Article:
Almost a year after country radio consultant Keith Hill called women the “tomatoes” in the lettuce-dominated (meaning male-dominated) salad that is country radio, several Nashville execs say the tide is slowly turning for female country artists.
Four Nashville executives discussed the issue at the “Song Suffragettes Summit.” The Song Suffragettes is a two-year-old weekly live show dedicated to featuring strong female artists in the country music community.
“I see a wave of smart, interesting, different female artists coming through our offices,” VP of A&R for Warner Music Nashville Cris Lacy said at the event. “For a while, a year or two ago, I felt like everybody was copying someone else. Now I’m seeing a lot of distinctive voices, distinctive perspectives and musicality. That’s encouraging to me.”
But it’s a slow process, and agent Kylen Sharpe of Creative Artists Agency stressed that just because we’ve seen successes from up-and-coming artists like Maren Morris and Cam doesn’t mean we can stop talking about it. She told listeners at the Summit, “It’s important that we keep talking about it, because that’s why it’s getting better.”
Lacy included, “It’s a little better on radio, for sure, but I don’t see anybody -saying, ‘We’re good.’ There’s not a requisite amount [of female successes] where everybody will just shut up. It’s [still] disproportionate what our genre looks like when you compare it to other formats. I’m encouraged. It’s growing, but it does have quite a way to go.”
One of the big gripes of the radio era from the past six or so years is that it all sounds the same. Males, in particular, seemed to be releasing a steady stream of “lowest common denominator” music.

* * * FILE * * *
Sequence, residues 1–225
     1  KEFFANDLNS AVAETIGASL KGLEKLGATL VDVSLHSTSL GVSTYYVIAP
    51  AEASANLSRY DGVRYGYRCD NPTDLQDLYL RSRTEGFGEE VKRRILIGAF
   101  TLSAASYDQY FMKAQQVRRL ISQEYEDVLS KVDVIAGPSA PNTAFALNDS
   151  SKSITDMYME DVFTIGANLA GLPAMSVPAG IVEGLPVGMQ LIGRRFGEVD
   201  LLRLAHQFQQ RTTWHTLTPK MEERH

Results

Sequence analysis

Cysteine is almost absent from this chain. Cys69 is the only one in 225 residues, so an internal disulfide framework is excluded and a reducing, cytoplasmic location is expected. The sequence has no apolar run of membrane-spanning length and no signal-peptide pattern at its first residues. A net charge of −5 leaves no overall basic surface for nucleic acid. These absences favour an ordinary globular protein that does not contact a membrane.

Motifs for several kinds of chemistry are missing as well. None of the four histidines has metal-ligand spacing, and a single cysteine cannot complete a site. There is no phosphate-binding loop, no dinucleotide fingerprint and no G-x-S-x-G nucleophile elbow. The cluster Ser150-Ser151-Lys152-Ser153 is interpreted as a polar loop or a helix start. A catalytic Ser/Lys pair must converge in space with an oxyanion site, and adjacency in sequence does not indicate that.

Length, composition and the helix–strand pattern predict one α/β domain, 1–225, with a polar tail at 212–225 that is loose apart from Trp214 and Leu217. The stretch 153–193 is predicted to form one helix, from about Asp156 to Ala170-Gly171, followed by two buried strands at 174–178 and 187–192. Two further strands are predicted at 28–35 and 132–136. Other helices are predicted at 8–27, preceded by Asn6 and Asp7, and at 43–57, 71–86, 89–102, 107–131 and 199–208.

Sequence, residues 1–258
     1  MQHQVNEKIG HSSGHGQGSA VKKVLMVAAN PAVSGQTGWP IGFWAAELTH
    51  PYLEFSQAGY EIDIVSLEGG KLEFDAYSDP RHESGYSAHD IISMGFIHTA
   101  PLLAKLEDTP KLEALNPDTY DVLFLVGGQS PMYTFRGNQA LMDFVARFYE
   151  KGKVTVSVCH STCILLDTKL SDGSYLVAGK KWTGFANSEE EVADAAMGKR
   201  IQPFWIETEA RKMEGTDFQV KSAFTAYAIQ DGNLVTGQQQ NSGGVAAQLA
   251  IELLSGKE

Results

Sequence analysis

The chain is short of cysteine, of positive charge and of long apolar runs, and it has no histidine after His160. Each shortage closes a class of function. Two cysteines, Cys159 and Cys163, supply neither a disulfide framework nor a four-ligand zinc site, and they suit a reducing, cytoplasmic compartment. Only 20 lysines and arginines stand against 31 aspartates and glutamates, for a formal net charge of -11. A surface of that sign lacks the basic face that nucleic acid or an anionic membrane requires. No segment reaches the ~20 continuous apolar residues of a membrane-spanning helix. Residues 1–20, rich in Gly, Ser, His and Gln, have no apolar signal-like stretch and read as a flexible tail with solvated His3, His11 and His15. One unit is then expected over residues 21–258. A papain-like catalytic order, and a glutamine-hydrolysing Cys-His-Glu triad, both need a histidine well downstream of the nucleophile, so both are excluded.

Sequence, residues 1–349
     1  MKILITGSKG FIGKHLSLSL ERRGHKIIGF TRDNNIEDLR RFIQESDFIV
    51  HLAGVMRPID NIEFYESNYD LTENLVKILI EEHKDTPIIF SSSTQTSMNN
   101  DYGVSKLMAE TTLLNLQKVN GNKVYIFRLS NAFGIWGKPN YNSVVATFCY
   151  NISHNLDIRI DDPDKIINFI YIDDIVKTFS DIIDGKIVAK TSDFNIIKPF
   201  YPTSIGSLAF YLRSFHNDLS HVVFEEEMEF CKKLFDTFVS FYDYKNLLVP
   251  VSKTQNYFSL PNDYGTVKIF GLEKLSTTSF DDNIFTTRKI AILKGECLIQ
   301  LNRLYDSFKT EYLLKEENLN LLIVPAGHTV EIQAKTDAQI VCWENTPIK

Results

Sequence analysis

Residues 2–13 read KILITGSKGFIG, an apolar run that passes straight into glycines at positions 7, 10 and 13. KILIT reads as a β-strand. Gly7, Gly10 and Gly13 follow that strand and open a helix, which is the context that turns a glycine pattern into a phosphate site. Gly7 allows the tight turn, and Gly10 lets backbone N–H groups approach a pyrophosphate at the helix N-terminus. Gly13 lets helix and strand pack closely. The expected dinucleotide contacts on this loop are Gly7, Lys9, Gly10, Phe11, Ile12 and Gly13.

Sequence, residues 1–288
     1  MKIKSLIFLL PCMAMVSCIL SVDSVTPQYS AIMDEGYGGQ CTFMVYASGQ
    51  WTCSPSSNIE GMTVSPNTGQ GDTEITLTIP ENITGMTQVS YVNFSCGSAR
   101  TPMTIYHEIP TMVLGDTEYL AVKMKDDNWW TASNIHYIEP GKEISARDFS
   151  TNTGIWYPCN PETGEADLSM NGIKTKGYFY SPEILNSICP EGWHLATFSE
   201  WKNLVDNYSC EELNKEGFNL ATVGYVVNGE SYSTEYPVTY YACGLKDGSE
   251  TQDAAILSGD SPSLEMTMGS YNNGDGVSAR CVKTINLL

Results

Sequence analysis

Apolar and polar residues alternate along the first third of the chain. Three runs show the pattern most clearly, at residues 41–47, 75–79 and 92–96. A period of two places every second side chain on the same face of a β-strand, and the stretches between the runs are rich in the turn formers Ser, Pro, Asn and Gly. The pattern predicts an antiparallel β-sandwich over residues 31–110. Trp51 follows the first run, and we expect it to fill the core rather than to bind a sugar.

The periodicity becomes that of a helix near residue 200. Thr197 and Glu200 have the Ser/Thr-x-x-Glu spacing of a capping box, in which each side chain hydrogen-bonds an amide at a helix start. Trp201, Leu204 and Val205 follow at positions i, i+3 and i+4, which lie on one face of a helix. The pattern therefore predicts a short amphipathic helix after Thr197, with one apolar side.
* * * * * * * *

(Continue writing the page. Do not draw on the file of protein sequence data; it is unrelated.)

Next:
THE TIDE IS SLOWLY TURNING, BUT THERE’S A LOT OF WORK TO BE DONE.
At the 50th Academy of Country Music “Party for a Cause” in Arlington, a party host was playing a game where the first listener to identify a song on the radio got free swag. Not surprisingly, many audience members stood there with a dumb look on their face well through every first verse, unable to decipher the majority of tunes from one another.
When female artists like Cam and Morris come along, audiences take notice. While it’s unfortunate that female artists are already at a disadvantage when it comes to attracting attention of Nashville’s movers and shakers (and are almost nonexistent in the Texas scene), that prejudice has strengthened the resolve of female artists to be interesting and different.
Sweet Talk Publicity president Jensen Sussman exemplified that point perfectly when she said, “A lot of what I’ve seen is people trying to chase what’s on the radio, and I discourage that. You need to be your own trailblazer and create your own lane.” Others who copy radio success, she said, are “a turn off.”
It’s a positive step forward for country music, considering the general quality that has come from female artists in the wake of the bro-country era. But the lack of female artists in the scene is not strictly a Nashville problem. In fact, it’s even worse in the red dirt and Texas scenes. The tide is slowly turning, but there’s a lot of work to be done.